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Money allocated to bring broadband to rural Georgia

The Federal Communications Commission announced that an estimated 373,000 rural Americans living and working in Georgia will gain access to high-speed broadband through the Commission’s Rural Digital Opportunity Fund Phase I auction, according to auction results.
In Georgia, the auction allocated $326,454,112.20 in support to expand broadband to 179,455 unserved homes and businesses over the next 10 years. Nearly all locations in Georgia that were eligible for the auction will be receiving access to broadband with speeds of at least 100/20 Mbps, with an overwhelming majority (85%) getting gigabit-speed broadband. The auction unleashed robust competition that resulted in more locations being awarded at less cost to Americans who pay into the FCC’s Universal Service Fund.
“This historic auction is great news for the residents of so many rural Georgia communities, who will get access to high-quality broadband service in areas that for too long have been on the wrong side of the digital divide,” said FCC Chairman Ajit Pai. “We structured this innovative and groundbreaking auction to prioritize bids for high-speed, low-latency services to deliver the best results for rural Americans, and the results show that this strategy worked. This auction was the Commission’s single largest step ever taken toward delivering digital opportunity to every American and is another key success in our ongoing commitment to universal service.”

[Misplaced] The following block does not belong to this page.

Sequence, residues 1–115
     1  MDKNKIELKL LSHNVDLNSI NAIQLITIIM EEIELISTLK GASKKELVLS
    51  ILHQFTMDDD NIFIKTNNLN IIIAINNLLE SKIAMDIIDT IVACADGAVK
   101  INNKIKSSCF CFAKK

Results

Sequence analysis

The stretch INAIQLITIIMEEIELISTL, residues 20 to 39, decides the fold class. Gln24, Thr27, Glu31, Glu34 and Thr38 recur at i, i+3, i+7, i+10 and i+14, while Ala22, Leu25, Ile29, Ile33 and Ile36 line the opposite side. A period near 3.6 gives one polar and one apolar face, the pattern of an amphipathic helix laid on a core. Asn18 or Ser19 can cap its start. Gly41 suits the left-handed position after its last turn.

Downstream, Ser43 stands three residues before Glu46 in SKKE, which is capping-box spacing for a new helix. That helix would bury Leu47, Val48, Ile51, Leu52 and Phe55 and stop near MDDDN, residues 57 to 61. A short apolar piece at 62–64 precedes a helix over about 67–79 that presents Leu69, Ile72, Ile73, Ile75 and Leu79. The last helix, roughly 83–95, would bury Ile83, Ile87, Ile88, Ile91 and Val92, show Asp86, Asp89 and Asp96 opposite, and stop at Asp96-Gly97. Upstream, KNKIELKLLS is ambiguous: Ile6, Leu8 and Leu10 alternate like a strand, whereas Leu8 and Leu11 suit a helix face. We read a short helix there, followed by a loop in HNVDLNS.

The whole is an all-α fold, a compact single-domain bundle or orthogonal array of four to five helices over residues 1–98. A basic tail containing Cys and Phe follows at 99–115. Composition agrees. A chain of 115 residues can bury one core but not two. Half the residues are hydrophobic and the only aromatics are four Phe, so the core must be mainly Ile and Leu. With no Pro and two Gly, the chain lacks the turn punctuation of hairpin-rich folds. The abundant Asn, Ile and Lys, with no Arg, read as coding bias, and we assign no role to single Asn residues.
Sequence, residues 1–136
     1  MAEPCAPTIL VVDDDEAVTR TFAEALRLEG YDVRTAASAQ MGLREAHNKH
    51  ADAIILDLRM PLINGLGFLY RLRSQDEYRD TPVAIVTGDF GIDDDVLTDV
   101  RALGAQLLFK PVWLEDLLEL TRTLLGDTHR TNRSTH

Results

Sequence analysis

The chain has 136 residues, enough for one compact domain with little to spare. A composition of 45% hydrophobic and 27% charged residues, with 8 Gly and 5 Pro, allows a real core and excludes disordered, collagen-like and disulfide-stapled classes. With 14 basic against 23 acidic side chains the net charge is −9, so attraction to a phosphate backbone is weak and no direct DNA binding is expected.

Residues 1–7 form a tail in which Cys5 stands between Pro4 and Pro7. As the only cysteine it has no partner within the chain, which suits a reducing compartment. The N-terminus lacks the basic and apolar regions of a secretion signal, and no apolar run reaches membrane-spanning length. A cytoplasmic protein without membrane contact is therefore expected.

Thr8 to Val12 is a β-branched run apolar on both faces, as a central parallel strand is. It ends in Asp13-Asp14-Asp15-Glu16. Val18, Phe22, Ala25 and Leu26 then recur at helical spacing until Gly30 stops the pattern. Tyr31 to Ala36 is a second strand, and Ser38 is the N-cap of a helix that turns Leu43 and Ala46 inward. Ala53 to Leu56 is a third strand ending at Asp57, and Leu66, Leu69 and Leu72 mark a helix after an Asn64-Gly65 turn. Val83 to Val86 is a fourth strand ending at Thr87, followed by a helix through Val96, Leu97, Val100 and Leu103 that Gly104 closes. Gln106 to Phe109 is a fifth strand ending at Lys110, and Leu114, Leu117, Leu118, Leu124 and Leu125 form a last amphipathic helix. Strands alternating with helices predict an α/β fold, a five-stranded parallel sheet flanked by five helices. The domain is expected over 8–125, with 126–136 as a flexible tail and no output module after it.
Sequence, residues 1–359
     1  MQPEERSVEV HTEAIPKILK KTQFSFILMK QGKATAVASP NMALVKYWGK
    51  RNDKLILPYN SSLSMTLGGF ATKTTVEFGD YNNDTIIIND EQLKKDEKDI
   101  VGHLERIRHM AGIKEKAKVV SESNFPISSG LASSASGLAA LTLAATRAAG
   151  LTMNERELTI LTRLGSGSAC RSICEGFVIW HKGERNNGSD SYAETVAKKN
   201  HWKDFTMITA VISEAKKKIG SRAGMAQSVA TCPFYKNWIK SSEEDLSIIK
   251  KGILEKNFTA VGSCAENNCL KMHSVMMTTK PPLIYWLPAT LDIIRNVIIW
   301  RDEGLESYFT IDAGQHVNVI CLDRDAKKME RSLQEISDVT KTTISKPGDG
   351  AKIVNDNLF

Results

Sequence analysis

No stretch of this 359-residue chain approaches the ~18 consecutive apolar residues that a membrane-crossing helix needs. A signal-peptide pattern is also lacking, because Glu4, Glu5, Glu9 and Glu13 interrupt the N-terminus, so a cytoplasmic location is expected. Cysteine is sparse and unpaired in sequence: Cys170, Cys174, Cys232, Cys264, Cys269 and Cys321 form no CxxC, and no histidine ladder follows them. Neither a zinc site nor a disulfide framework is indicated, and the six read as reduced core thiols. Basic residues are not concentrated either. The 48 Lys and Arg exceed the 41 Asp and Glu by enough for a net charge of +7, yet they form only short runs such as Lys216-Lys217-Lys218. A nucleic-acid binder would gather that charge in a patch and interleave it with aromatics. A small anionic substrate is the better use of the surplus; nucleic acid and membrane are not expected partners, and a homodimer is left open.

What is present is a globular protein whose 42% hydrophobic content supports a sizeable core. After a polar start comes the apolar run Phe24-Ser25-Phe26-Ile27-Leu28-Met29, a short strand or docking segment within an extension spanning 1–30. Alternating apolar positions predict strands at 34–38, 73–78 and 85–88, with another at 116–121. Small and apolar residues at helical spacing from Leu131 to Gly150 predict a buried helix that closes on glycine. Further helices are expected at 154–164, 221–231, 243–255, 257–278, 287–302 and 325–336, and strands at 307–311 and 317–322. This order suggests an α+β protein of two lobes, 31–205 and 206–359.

In Jeff Davis County, Rural Electric Cooperative Consortium will receive $4,134,542 over 10 years to serve 1,980 households and businesses.

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